But the campaign has raised speculation China could be facing a food shortage, although state media outlets were quick to try and stop the panic of imminent food shortages, reporting that China had recently seen consecutive bumper grain harvests and record high grain output.
As living standards have raised, so has consumption. Obesity levels have soared and China was estimated to waste enough food in a year to feed a country the size of South Korea.
But with the pandemic already cutting consumption levels, China’s options to quell any shortages domestically were limited.
Subsidising production could fall foul of World Trading Organisation rules which could heighten tensions with the US.
This would mean China, already the world’s largest importer of food, would need to look to increase imports to meet demand.
This could then have a ripple effect on prices all around the globe.
The Indian press has been quick to jump in and predict a possible crisis – and even the reputable Economic Times, a pink paper that would like to see itself as India’s FT has recently joined. This alarmism may be part of the current anti-China climate arising from the recent border disputes. And also because, unlike duding past crisis, COVID-19 has yet to see widespread starvation in India. I’d like to think that A.K. Sen is correct and that contemporary democratic India may manage to dodge famine – whereas colonial India under the Raj was not so lucky.
Can the same be said for concetmporary China? It’s perhaps too soon to tell – and China may be swept up in larger, world COVID-19 food security trends.
According to the Economic Times. With rising population and declining arable land, China may be staring at a major food crisis:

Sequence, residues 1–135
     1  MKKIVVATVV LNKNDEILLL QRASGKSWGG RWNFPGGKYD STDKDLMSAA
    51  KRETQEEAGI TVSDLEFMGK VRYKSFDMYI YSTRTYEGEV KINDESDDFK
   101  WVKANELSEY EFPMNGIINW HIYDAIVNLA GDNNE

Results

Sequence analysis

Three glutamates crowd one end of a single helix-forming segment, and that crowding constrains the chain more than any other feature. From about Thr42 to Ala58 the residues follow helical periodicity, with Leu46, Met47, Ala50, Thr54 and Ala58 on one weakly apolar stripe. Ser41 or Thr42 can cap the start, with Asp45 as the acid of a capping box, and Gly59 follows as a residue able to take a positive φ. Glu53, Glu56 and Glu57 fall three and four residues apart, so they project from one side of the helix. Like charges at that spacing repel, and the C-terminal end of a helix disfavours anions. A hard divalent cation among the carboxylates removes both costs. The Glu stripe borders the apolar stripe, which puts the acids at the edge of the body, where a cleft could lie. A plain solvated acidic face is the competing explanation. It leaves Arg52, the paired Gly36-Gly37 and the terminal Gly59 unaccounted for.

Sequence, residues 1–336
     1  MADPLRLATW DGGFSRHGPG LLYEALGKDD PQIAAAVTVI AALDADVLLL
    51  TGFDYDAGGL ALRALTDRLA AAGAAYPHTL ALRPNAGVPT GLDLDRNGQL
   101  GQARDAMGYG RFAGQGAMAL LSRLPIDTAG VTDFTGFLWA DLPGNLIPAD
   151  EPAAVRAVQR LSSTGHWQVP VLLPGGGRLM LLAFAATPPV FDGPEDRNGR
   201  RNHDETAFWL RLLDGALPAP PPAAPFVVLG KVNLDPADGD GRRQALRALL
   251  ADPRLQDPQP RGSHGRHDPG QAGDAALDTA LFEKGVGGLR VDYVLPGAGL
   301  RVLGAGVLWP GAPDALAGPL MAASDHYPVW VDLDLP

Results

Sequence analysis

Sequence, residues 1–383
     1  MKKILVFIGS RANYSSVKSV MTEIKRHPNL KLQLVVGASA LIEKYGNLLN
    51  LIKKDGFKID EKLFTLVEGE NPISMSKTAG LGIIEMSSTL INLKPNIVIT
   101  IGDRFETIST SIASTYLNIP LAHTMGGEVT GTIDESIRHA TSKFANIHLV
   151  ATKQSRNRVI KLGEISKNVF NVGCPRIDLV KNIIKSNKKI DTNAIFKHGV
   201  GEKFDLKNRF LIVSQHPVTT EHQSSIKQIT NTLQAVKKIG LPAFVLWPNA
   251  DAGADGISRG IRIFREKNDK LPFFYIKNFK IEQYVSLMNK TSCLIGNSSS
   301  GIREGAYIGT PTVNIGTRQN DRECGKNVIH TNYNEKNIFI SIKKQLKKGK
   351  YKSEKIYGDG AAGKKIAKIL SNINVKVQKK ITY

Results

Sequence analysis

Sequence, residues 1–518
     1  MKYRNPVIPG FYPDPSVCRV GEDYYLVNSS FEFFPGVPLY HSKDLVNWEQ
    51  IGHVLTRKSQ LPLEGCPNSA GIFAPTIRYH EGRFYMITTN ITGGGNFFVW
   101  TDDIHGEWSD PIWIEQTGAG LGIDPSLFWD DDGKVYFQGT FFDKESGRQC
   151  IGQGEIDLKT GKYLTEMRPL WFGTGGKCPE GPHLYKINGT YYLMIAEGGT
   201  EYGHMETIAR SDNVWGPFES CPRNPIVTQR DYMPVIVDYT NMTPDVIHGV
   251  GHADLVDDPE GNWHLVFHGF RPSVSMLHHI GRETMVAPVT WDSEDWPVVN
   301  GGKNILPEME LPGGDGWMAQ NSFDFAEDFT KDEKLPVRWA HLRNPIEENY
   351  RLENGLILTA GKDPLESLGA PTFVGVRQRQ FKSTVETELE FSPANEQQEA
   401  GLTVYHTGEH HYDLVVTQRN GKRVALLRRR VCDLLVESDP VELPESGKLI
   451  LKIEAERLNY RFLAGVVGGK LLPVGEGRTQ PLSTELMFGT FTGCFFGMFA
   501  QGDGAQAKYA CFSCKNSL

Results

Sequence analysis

The mismatch between agricultural (grain) supply and demand in China, is high. China has struggled to feed its 1.4 billion people, amidst recurrent natural calamities (floods, draughts), shrinking arable land, severe water shortages, depleting workforce, etc. China estimates that by 2030, when its population is expected to reach 1.5 billion, it will need to produce an additional 100 million tons of food grains each year.
As per China’s Ministry of Emergency Management, this year rain-triggered floods and draught earlier, have threatened China’s Three Gorges Dam, disrupted rice, wheat and other crops production in South China, and in the Yangtze River basin. Floods have affected 54.8 million people, causing economic loss of US$ 20.8 billion….
China’s real threat to food security comes more from food wastage than epidemic or floods. Per capita food waste in China is 93 grams per person per meal, with a waste rate of 11.7 percent. According to a survey data, Chinese consumers wasted roughly 17 to 18 million tons of food each year from 2013 to 2015, enough to feed 30 to 50 million individuals annually.
Outside China, the pandemic had an impact on global grain production and trade. Vietnam and India have suspended rice exports and other countries have also done so subsequently. Further as per, China’s Commerce Ministry in June 2020, Brazil, Canada, Thailand, Vietnam, Cambodia, Russia and other key producers of wheat, soybean and rice have cut their exports, including to China, to first replenish their own stocks. And this is indeed hurting China the most, as being the world’s largest food importer.
The coronavirus, locust swarms and severe floods across much of China’s key farming areas are all putting pressure on supplies. At the same time, worsening security disputes with key import sources such as the U.S. and Australia have raised new questions about the nation’s long-term food security.
Am I calling a food shortage in China? No, it’s too soon for that. Nor do I have any special knowledge of the Chinese situation, nor any first-hand observations. The last time I visited the mainland was 2008 (and Hong Kong in January).
But a Chinese food shortage is certainly something that one needs to keep an eye out for – alongside the looming food security issues that COVID-19 has spawned and that will no doubt persist until the pandemic crisis is over or at least under competent management by many countries in the world.